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Working from home in private rented property - what are the legal issues?

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In these mobile and connected times more and more people chose to work from home.  It can vary from the self-employed running small internet businesses or cottage industries to flexible working patterns by employers allowing their employees to work at home one or two days a week.

But what are the legal issues landlords and tenants need to be aware of when considering these arrangements?

  1. Breach of tenancy. Most standard ASTs will have a clause prohibiting business use and/or a requirement that the property is used exclusively for domestic use.  Therefore, a tenant using the property for a business will be in breach of the agreement which would allow the landlord to take proceedings for possession under s.8 of the Housing Act 1988.  Tenants need to negotiate an amendment to the tenancy agreement to avoid this risk if they want to use the property for business purposes.
  2. Council tax and business rates.  If part of a property is used for business purposes that part may become liable for business rates rather than council tax.  Each case is judged on its own facts and will depend on the extent and frequency of the business use, modifications to the property and whether parts are used exclusively for business rather than domestic use.  There is useful guidance on this issue from the valuation office:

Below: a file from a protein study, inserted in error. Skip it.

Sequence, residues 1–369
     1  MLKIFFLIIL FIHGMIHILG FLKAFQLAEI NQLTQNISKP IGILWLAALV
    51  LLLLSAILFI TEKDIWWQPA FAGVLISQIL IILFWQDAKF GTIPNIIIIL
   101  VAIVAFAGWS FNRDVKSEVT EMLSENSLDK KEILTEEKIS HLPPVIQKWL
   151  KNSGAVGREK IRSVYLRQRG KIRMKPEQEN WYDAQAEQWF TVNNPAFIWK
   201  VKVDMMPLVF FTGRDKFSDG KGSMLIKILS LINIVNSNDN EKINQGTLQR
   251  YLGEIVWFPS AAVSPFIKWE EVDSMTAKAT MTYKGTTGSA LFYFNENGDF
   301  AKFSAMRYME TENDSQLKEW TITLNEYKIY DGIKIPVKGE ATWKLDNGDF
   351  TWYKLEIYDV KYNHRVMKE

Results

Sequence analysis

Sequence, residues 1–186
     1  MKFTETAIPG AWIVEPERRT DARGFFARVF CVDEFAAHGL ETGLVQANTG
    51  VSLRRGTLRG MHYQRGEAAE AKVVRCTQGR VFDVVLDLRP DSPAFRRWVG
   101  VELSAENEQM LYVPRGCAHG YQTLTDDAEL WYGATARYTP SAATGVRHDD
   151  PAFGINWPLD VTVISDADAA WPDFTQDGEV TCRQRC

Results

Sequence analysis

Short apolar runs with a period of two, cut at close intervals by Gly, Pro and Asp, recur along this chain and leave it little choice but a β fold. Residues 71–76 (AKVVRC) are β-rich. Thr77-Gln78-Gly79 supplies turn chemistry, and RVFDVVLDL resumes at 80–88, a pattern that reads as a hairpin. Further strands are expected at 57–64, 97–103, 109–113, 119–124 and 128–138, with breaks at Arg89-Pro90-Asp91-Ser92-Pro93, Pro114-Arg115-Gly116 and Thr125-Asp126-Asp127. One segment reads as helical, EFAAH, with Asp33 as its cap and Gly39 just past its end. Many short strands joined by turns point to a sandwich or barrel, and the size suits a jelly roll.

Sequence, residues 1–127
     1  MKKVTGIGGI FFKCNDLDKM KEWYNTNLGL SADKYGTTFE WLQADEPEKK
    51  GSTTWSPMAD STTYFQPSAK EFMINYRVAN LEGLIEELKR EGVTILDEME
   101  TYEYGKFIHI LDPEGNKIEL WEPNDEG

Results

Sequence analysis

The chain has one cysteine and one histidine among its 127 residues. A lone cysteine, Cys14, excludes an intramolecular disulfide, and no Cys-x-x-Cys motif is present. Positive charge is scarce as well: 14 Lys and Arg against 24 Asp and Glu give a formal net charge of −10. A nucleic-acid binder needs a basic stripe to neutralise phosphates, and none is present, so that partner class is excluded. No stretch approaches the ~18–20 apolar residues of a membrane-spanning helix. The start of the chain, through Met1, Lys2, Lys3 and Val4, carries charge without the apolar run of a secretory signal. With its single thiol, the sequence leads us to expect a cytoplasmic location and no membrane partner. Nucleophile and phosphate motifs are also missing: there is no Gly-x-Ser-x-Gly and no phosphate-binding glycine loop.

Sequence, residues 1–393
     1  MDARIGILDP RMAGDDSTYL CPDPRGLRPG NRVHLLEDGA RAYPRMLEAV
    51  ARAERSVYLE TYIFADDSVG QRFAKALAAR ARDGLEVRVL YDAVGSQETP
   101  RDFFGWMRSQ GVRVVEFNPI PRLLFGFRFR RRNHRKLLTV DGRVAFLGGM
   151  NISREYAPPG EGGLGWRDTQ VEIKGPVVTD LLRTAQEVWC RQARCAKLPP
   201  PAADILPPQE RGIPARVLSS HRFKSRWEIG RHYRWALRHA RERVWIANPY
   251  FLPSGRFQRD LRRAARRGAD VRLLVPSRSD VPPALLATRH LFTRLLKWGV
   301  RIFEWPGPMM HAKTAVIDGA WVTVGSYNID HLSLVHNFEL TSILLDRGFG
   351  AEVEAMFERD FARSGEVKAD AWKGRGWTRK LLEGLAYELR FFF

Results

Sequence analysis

3. Insurance.  Domestic insurance policies will usually exclude business use.  The landlord and tenant will therefore need to arrange appropriate insurance on the property for the type of business concerned. 
  4. Mortgage conditions.  Use of the property for anything other than a private dwelling may be prohibited by the mortgage terms and conditions.  Specific agreement from the mortgage lender will be necessary where part of the property is being used as a business.
  5. Landlord and Tenant Act 1954.  This act gives the legal right for tenants to renew a business lease at the end of the term even if the landlord objects want the property back. Therefore, care needs to be taken because the act applies to “any tenancy where the property comprised in the tenancy is or includes premises which are occupied by the tenant and are so occupied for the purposes of the business carried on by him or for those and other purposes.”  Therefore, you could have a situation where someone rents a property with a separate studio from which they carry on a business and that could fall within the protection fo the Act. 
  6. Leasehold Property.  If the property is a flat it will almost always be held on a long lease.  Most leases prohibit use for anything other than residential occupation so it is likely to be a breach of the lease covenants to allow a tenant to use the property for business purposes and could lead to a claim for forfeiture by the freehold owner.
  7. Planning permission.  Change of use permission may be required if a business is run from the property.  It will depend entirely on the type of business being run and there is some useful guidance on the DCLG Planning portal website:


There can be serious implications if landlords find themselves without insurance or in breach of their mortgage or lease conditions.  It’s, therefore, very important for landlords not to turn a blind eye to tenants who may want to work from home or run a small business from a rental property.